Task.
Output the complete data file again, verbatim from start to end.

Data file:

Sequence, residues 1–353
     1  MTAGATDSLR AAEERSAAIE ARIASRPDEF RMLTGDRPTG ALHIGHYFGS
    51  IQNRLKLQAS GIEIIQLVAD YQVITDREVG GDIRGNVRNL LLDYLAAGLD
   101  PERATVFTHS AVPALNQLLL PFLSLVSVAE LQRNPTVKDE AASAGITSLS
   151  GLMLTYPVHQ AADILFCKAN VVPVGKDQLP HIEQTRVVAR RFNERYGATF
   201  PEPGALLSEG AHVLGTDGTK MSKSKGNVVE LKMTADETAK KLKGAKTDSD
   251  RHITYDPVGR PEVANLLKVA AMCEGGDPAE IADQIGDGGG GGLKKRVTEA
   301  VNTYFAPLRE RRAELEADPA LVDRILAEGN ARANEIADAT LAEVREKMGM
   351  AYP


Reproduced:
Sequence, residues 1–353
     1  MTAGATDSLR AAEERSAAIE ARIASRPDEF RMLTGDRPTG ALHIGHYFGS
    51  IQNRLKLQAS GIEIIQLVAD YQVITDREVG GDIRGNVRNL LLDYLAAGLD
   101  PERATVFTHS AVPALNQLLL PFLSLVSVAE LQRNPTVKDE AASAGITSLS
   151  GLMLTYPVHQ AADILFCKAN VVPVGKDQLP HIEQTRVVAR RFNERYGATF
   201  PEPGALLSEG AHVLGTDGTK MSKSKGNVVE LKMTADETAK KLKGAKTDSD
   251  RHITYDPVGR PEVANLLKVA AMCEGGDPAE IADQIGDGGG GGLKKRVTEA
   301  VNTYFAPLRE RRAELEADPA LVDRILAEGN ARANEIADAT LAEVREKMGM
   351  AYP